transmitted to the Particle Photon’s analog to digital converter for advanced signal processing.
The Photon then calibrated the system for the user which classified four different commands
through the implementation of an artificial neural network (ANN). Upon completion of the
classification and calibration of signals the user was then able to send one of four commands to
move the robot through WiFi. The four hand and finger commands that the user had to calibrate
were for forward, stop, left and right motor control commands.
The wheeled service robot would receive one of four commands through a TCP/IP protocol that
was established by the Particle. The Raspberry Pi would then read the command and generate
specific pulse width modulation (PWM) signals. Simultaneously, while the Raspberry Pi moved
the robot, it also established a web server that displayed the four commands that the user used
along with a live video feedback of the robot’s path on a computer monitor.


Figure 2. System Block Diagram

3.1 EMG Control Subsystem

The EMG control subsystem utilized a MyoWare muscle sensor board and Particle Photon
microcontroller for signal analysis, classification, and communication. The MyoWare muscle
sensor board shown in Figure 4 used electrodes placed over the skin on the brachioradialis
muscle to detect electric potential of muscle contractions. The sensor board amplified, rectified,
and integrated the signal to provide a clean signal for the particle photon’s analog-to-digital
converter. Figure 4 shows the how the MyoWare muscle sensor board processed the signal for
the analog to digital converter.

Figure 3. MyoWare Signal Processing
Figure 4. EMG Control Subsystem
Figure 5. MyoWare Muscle Sensor Board
Figure 6. Particle Photon Microcontroller

The particle photon shown in Figure 5 then converted the signal using a analog to digital
conversion with 12 bit resolution and a sampling rate of 10,000 Hz. The photon providing a
reference 3.3v translated a .8mV per level conversion. Allowing for a translation of analog signal
to the corresponding digital number between 0 and 4095. The photon then used event detection
to begin sampling of the MyoWare board’s incoming data. The voltage threshold to begin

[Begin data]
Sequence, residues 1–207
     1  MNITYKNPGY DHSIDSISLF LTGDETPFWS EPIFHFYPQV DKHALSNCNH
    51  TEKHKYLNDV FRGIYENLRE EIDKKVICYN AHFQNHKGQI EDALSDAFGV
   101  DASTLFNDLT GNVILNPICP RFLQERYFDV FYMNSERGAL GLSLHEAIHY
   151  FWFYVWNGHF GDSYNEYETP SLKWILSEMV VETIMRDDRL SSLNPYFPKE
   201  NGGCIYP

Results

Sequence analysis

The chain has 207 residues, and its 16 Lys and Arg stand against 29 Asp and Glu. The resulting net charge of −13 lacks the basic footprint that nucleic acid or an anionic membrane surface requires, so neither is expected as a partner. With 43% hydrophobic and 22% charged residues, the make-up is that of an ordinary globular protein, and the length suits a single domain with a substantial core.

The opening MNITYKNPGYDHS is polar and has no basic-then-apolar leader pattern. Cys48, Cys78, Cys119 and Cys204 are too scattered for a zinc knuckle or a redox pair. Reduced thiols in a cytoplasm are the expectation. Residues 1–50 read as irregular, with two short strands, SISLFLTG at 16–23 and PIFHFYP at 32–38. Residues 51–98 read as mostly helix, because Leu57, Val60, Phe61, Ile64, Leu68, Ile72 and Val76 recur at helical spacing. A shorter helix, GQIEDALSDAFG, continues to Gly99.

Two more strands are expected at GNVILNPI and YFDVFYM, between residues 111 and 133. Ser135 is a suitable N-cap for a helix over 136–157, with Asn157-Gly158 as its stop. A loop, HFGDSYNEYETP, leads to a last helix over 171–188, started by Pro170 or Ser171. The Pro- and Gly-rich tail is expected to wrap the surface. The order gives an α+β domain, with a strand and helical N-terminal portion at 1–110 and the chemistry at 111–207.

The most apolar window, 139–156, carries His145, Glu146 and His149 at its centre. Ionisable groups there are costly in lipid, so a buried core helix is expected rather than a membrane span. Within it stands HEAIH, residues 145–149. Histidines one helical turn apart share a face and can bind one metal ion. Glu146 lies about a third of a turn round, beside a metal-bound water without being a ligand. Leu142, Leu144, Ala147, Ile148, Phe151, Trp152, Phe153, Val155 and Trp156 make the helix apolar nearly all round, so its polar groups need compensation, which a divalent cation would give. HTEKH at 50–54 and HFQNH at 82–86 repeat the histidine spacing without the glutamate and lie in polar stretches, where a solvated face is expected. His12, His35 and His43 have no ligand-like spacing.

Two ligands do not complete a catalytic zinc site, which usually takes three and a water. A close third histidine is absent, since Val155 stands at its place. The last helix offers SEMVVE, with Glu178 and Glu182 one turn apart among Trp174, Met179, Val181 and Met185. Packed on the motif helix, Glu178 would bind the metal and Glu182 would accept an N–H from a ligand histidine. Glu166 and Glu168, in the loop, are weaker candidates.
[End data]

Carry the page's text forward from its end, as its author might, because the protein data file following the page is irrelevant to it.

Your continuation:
sampling was set at 400 levels or the corresponding voltage of 320 mV. The voltage threshold
was used to filter out random movement noise and provide a more accurate segment extraction.
A maximum sample threshold set at 5000 samples or the corresponding to 500 ms was used to
limit the length of a segment and provide accurate movement segments. A minimum sample
threshold of 1000 was used to also filter out unwanted random signals. Thresholds were
determined experimentally through measurements of the signals on an oscilloscope. Based on the
thresholds, once sampling began the equations shown below were updated with new values.
Features were extracted from the segments using the continuous updating were root mean
squared (2), wavelength (3) and mean signal value (4).

Once the features were extracted from the segments depending on the current system mode,
calibration or operational, the segment was passed to a artificial neural network to be used in
network learning or motion classification. In calibration mode the current operator of the system
is asked to repeat a specific motion five times, saving the extracted features to be used in the
ANN, shown in Figure 7.

Figure 7. Artificial Neural Network

The artificial neural network was a 3 layer feedforward network consisting of 3 inputs, 4 hidden
nodes, and 4 outputs shown in Figure 7. For this project, the sigmoid activation function (5) was
chosen for the hidden layer, because the sigmoid function is ideal for implementing with
multiple layer neural networks and allows for small changes in the output when there are small
changes in the error allowing for smooth learning.

Figure 8. Sigmoid Function
Graph displaying sigmoid activation
function squashing the pre-activation
output to a value between 0 and 1.

Instead of a sigmoid activation function,
the output layer used a softmax function
(6) output function. This is because the output layer consisted of multiple output neurons, and
softmax allowed the ANN to output a categorical distribution of all the output neurons. This is